Operations and Production

The regulations that govern operations associated with the exploration, permitting, development and production of onshore oil and gas deposits on Federal leases can be found under Title 43, subpart 3160 of the Code of Federal Regulations (43 CFR 3160). This subpart, entitled Onshore Oil and Gas Operations, states that, ”The objective of these regulations is to promote the orderly and efficient exploration, development and production of oil and gas.”

Once a leaseholder, operator, or designated agent identifies an oil and gas deposit on a Federal lease, they can file an application for permit to drill (APD). The BLM posts these APDs on its 30 Day Federal Public Posting Report Page. The BLM governs the APD process under Onshore Order #1 and its 2017 amendment, which is codified under 43 CFR §3160.

The BLM cannot approve an APD until the operator meets the requirements of certain laws and regulations, including the National Environmental Policy Act (NEPA), the National Historic Preservation Act, and the Endangered Species Act. Upon receiving an APD, BLM typically conducts an onsite inspection with surface and/or mineral estate owners, resource specialists, the operator, and when applicable, other Surface Management Agencies (or SMAs, such as states, tribal representatives, or other Federal agencies like the USDA Forest Service). After completing these inspections, the BLM, together with any other relevant SMAs, conducts a NEPA analysis, and then approves, approves with modifications, denies, or defers action on the application. Deferred action or denials can occur because the operator fails to provide all the necessary information or due to severe resource concerns. The BLM and other SMAs may add Conditions of Approval to the APD to protect site-specific resources. An approved APD is valid for two years or until the lease expires, whichever occurs first, but the BLM may grant a two-year extension to allow the operator more time to drill.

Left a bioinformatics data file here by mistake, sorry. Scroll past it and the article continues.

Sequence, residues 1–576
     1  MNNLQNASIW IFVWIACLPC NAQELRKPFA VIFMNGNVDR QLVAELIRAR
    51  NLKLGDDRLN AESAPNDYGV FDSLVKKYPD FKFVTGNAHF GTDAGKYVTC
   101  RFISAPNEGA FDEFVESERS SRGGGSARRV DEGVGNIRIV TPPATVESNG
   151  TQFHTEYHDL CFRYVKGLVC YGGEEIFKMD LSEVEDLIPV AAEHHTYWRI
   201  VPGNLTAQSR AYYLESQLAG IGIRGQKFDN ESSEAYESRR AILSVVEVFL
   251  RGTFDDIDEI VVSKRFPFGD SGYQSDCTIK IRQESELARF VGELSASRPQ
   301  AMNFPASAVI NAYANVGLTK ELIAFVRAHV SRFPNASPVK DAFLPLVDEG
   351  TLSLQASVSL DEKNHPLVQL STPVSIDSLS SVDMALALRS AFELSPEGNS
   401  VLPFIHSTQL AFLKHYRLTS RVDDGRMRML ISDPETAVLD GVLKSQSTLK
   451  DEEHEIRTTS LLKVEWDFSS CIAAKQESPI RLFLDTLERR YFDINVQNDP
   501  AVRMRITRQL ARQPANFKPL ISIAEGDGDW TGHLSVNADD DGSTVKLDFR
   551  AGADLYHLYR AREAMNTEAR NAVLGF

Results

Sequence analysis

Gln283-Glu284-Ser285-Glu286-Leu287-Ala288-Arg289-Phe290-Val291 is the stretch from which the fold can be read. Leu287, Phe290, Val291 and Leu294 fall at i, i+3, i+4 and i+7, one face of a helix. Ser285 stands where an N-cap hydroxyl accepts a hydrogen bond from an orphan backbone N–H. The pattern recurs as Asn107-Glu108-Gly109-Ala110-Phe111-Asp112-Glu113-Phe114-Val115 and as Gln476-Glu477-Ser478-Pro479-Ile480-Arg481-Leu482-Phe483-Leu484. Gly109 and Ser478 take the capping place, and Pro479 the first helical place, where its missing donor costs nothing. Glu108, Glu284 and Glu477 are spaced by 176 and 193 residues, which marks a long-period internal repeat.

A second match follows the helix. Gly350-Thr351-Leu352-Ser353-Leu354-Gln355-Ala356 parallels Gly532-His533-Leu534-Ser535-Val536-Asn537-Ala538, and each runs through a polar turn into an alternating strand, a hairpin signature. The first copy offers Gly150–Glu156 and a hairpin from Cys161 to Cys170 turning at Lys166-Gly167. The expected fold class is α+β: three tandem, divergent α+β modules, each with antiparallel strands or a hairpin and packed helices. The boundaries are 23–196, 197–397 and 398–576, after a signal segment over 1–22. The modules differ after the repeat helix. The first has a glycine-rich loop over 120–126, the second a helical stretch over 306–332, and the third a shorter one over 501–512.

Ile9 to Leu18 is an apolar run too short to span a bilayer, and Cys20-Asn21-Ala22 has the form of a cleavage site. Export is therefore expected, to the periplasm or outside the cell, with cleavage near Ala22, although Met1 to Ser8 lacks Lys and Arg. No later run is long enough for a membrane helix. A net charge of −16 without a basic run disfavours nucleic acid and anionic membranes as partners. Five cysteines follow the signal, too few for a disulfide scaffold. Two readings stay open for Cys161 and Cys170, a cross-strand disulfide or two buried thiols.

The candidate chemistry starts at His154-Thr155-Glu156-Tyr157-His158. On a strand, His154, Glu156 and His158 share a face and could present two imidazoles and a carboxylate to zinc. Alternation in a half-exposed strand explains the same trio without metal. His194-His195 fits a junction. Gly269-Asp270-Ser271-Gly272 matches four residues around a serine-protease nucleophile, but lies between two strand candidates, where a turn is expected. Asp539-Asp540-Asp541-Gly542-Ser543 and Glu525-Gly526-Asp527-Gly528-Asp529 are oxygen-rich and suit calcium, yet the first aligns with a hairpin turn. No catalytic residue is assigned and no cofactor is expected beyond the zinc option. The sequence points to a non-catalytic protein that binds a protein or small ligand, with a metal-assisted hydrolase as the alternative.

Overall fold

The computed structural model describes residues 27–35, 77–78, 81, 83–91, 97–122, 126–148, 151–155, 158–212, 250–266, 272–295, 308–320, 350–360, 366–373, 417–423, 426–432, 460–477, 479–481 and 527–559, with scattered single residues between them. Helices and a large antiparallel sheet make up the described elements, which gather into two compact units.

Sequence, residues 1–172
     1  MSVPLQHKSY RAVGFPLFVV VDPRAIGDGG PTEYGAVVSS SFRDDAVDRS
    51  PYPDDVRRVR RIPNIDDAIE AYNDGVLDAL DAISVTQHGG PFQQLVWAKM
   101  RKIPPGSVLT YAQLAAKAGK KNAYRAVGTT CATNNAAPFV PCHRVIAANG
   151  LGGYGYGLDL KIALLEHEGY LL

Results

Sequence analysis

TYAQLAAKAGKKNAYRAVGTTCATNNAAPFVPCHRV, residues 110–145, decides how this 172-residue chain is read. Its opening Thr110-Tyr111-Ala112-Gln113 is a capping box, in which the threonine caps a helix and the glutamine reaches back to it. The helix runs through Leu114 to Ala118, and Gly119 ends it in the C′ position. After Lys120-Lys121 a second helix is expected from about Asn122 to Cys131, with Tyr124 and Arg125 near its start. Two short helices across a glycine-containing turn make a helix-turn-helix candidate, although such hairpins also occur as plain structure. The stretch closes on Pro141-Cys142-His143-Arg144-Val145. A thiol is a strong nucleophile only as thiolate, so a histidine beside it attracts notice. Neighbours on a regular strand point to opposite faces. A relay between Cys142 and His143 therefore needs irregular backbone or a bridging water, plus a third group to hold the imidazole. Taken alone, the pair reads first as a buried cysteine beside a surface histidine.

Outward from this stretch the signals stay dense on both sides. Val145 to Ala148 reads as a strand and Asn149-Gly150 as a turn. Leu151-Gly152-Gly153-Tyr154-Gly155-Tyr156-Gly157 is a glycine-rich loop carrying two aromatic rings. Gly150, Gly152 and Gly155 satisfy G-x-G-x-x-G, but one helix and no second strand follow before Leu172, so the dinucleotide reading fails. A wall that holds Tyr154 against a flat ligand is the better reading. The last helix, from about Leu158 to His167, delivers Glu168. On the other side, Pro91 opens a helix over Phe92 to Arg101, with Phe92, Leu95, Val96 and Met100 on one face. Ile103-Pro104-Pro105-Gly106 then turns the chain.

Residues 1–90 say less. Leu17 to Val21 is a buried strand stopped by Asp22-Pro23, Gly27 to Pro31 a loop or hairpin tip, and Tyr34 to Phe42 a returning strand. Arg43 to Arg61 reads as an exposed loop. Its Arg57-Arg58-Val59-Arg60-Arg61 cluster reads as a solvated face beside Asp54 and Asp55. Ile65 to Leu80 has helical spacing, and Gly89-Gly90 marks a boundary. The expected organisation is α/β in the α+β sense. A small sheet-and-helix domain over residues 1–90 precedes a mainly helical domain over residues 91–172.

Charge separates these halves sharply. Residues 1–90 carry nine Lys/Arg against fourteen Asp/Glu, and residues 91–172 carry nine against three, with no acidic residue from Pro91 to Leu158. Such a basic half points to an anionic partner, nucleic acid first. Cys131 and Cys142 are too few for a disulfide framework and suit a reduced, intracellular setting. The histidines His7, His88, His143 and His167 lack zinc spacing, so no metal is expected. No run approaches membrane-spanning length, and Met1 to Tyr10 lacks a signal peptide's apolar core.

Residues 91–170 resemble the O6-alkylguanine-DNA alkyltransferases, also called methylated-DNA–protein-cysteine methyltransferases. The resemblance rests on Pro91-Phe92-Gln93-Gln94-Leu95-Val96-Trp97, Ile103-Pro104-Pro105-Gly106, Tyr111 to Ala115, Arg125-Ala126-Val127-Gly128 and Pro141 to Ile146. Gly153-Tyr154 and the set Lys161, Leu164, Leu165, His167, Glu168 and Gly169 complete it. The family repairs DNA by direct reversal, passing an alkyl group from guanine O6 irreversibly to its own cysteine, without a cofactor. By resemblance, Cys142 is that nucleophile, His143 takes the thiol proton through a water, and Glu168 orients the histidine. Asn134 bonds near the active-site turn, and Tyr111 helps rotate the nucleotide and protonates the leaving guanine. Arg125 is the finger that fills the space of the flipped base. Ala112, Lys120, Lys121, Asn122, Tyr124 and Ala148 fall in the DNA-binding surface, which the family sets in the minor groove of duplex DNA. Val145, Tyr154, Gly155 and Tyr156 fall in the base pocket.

Lefthand image showing fenced area on the left with about 40 wells in a drilling pad beneath a cloudy sky in Glenwood Springs, Colorado. Center image showing an open drilling pad with about 10 wells in a dirt area with mountains in the background in De Beque, Colorado. Righthand image showing five wells in an open-area drilling pad on a gravel road on a clear day with the front of a truck on the right.
Three multi-well oil and gas drilling pads on BLM land in Colorado (Photo credit: BLM staff).

In the past decade, multi-well drilling pads have increased production volumes from individual locations and reduced surface disturbance from roads and pipelines. While the BLM tries to limit disturbance as much as possible, it is also important that workers have enough area to work in safely. The Gold Book provides operators with guidelines for safe and environmentally responsible permitting and development procedures for Federal oil and gas leases.

In addition to the Gold Book, the BLM provides operators with guidance on unitization, communitization, spacing, and drainage procedures, and in-response to Onshore Orders 3, 4, and 5, has formed a Production Measurement Team in-charge of approving new measurement equipment, practices, and technologies.